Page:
Brighton Festival Review: Amanda Palmer

People like to describe gigs in tiny venues as intimate, but this packed out show at Brighton Dome was less formal and more frank than almost any pub gig we’ve been to. It turns out Amanda Palmer has had a bad few years – not that it’s dinted her sense of humour. We hear about her abortion, her miscarriage and the death of loved ones, both in confessional stories told from the piano stool and in blackly comical ballads. Somehow, despite the wild shifts in tone, it all hangs together.

Comedian Andrew O’Neill opens the night with a musical stand-up set aimed squarely at the geeks and goths. Suffice to say, it finds its mark. He returns throughout the night to help out the headliner with some of the more goofy sections of the show including a diva vocal performance on a song about Vegemite. He’s a canny comic, a good foil to Palmer’s occasional histrionics and a reminder of what a support act is supposed to be.

Palmer plays two sets, punctuated by anecdotes and asides, the first of which includes some old favourites from her days in The Dresden Dolls. She announces tonight, for the first time, that the duo are reforming this Halloween for a rare run of shows. For now, ‘Coin-Operated Boy’ and ‘Missed Me’ suffice as welcome reminders of her band’s superb debut.

Things get more intense after an interval in which the singer takes to the aisles with her ukulele for a pre-planned impromptu cover of Radiohead’s ‘Creep’. Palmer has endured a certain amount of public scorn over the years, sometimes as a result of her tendency to overshare. However, whatever your stance on online etiquette this is hardly a trait to be deplored in a songwriter. She tells us about the trials of having a child and launches into ‘A Mother’s Confession’ which starts as if it means to go on as an indulgent parental love song, but actually undercuts all that with a gleefully deadpan chorus refrain. Even if she’s not the perfect mother, “at least the baby didn’t die”.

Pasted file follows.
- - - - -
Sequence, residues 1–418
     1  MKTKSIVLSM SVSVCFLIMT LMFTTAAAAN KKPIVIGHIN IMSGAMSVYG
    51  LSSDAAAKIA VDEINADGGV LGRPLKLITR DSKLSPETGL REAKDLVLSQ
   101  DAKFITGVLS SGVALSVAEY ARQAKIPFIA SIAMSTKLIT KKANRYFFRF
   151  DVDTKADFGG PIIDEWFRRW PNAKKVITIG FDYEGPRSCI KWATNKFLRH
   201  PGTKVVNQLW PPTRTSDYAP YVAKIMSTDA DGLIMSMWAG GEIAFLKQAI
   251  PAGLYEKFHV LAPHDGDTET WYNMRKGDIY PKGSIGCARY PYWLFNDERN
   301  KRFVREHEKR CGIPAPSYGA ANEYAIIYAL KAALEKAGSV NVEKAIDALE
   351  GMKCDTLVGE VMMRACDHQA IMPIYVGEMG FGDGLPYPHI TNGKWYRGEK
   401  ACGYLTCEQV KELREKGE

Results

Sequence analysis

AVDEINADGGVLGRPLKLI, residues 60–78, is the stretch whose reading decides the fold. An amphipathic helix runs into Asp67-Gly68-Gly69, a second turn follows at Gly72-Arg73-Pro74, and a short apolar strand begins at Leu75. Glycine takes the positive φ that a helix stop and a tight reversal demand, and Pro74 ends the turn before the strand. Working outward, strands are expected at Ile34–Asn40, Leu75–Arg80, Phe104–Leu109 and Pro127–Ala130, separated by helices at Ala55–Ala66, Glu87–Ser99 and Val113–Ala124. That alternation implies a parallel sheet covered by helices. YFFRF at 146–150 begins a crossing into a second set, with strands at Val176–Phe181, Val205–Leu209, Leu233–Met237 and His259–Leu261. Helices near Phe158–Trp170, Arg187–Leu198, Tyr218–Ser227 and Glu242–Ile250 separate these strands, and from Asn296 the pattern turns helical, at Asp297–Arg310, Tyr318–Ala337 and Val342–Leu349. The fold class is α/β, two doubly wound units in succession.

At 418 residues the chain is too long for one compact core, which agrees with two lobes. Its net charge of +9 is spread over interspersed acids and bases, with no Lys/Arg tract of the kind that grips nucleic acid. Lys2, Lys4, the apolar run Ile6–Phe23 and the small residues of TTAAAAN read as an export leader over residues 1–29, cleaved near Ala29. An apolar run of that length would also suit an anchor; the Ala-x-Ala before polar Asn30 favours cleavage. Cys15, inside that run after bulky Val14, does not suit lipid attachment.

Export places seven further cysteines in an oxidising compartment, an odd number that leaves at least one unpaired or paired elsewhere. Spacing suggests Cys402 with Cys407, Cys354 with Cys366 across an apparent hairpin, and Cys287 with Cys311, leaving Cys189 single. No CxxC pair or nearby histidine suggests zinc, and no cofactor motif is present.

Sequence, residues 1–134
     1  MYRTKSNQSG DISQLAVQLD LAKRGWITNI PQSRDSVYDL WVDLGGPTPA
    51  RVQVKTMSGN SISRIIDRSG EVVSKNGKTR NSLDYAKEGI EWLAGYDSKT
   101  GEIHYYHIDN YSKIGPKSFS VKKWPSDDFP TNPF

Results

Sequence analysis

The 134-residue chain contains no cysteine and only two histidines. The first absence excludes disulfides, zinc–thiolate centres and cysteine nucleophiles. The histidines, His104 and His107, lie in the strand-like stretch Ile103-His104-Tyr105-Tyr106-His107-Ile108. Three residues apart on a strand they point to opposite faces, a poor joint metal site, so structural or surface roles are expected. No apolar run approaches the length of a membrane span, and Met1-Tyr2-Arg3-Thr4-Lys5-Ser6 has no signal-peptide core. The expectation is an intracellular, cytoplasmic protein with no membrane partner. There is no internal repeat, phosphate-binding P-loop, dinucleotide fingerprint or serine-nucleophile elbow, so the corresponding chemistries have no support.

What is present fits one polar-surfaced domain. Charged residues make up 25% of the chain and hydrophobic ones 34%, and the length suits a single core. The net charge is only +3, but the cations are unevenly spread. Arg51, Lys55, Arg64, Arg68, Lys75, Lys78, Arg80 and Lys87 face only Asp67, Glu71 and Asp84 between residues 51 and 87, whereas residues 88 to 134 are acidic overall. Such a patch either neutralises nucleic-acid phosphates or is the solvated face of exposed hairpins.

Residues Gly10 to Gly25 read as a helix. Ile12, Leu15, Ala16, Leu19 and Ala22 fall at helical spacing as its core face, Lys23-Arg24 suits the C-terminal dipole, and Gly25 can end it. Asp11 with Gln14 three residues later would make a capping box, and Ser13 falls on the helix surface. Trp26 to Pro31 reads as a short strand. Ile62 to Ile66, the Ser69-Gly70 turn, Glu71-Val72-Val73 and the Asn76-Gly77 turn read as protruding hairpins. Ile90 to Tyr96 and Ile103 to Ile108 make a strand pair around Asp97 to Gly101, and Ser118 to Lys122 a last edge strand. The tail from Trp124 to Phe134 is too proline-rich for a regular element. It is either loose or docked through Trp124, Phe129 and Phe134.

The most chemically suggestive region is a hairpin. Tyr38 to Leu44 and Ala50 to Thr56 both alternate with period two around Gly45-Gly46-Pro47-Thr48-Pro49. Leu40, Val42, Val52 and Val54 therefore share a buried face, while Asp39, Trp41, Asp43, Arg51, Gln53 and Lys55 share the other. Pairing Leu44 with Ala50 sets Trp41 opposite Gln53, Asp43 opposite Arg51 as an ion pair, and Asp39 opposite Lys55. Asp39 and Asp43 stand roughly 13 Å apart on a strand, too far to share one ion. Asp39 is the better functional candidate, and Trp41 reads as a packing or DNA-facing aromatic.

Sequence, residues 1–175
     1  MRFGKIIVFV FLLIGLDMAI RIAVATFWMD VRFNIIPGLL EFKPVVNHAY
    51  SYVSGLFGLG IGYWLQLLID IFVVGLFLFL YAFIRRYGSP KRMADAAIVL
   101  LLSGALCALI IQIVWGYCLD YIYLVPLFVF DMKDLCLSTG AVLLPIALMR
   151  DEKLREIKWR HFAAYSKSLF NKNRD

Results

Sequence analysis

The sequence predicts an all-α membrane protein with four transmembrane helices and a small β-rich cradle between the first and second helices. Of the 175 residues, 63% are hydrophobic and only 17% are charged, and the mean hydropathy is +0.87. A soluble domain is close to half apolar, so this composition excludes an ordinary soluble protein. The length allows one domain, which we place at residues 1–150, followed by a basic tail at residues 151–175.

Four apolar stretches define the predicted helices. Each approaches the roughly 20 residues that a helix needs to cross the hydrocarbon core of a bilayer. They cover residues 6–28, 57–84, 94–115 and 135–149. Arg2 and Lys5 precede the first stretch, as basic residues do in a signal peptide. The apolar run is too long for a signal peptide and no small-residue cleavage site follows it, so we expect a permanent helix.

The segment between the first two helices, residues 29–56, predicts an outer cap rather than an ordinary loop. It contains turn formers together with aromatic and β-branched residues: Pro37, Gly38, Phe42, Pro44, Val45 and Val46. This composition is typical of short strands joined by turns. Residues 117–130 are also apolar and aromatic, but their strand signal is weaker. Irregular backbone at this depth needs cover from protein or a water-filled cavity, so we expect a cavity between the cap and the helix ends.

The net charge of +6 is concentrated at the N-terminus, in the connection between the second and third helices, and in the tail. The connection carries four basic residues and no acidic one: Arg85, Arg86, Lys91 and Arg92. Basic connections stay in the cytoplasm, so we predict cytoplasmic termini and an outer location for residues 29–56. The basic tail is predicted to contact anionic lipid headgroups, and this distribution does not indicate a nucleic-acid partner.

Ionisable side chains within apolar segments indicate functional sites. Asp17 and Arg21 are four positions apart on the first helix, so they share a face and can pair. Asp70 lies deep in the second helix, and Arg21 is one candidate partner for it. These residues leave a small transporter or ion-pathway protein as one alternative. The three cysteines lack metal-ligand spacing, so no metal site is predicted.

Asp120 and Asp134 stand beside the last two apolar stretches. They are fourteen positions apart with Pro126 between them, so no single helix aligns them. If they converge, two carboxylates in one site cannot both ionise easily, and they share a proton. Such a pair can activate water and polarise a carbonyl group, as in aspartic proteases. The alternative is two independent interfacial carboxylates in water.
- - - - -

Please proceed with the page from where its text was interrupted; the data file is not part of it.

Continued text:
Other aspects of Amanda Palmer’s online world percolate into the live show, with frequent shoutouts to her Patreon supporters – the platform that enables musicians and others to draw a salary from their fans’ subscription fees. When Amanda Palmer uses the words “my people” she doesn’t mean her agent or her manager, she means her fans. Even if there’s a hint of internet tribalism in the phrase, that sentiment hasn’t diminished her capacity to sculpt songs around universal themes. ‘The Ride’, we learn, was written in response to a thousand messages from supporters which she elicited by asking them to tell her their fears. The result is a fraught but ultimately uplifting song about getting a sense of perspective, which borrows its main conceit from the Bill Hicks philosophy of life.

Sat side-on at her imposing grand piano, Palmer’s playing is strident and lavish. Yet, as always, it’s the lyrics that really set the mood. Even when there’s no joke in the offing, her wit ensures there’s an undertow of irony in the darkest of songs. It’s this which does so much to inject a sliver of hope or deviance into what might otherwise come across as simply maudlin. It’s almost certainly an acquired taste, but for those who relish this kind of songwriting it’s a feast.

There’s no album to push tonight, there’s no trace of tour fatigue and the set seems to work perfectly for both veteran and newly curious listeners. It makes us realise just how many bands end up following a format of unspoken and unchallenged conventions. Why can’t comedy and melancholic tinkling sit side by side on the same set? Why shouldn’t a performer engage with the audience on a direct and personal level? What’s wrong with a little intimacy?

Brighton Dome, Sunday 13th May 2018
Photo by Martin Ollman

Reviews 3 months old

Ben Bailey

Ben Bailey runs the SOURCE website and was formerly the listings and reviews editor on the magazine. As well as writing stuff for other publications he also finds the time to play in various bands and once came 4th place in a BMX tournament.

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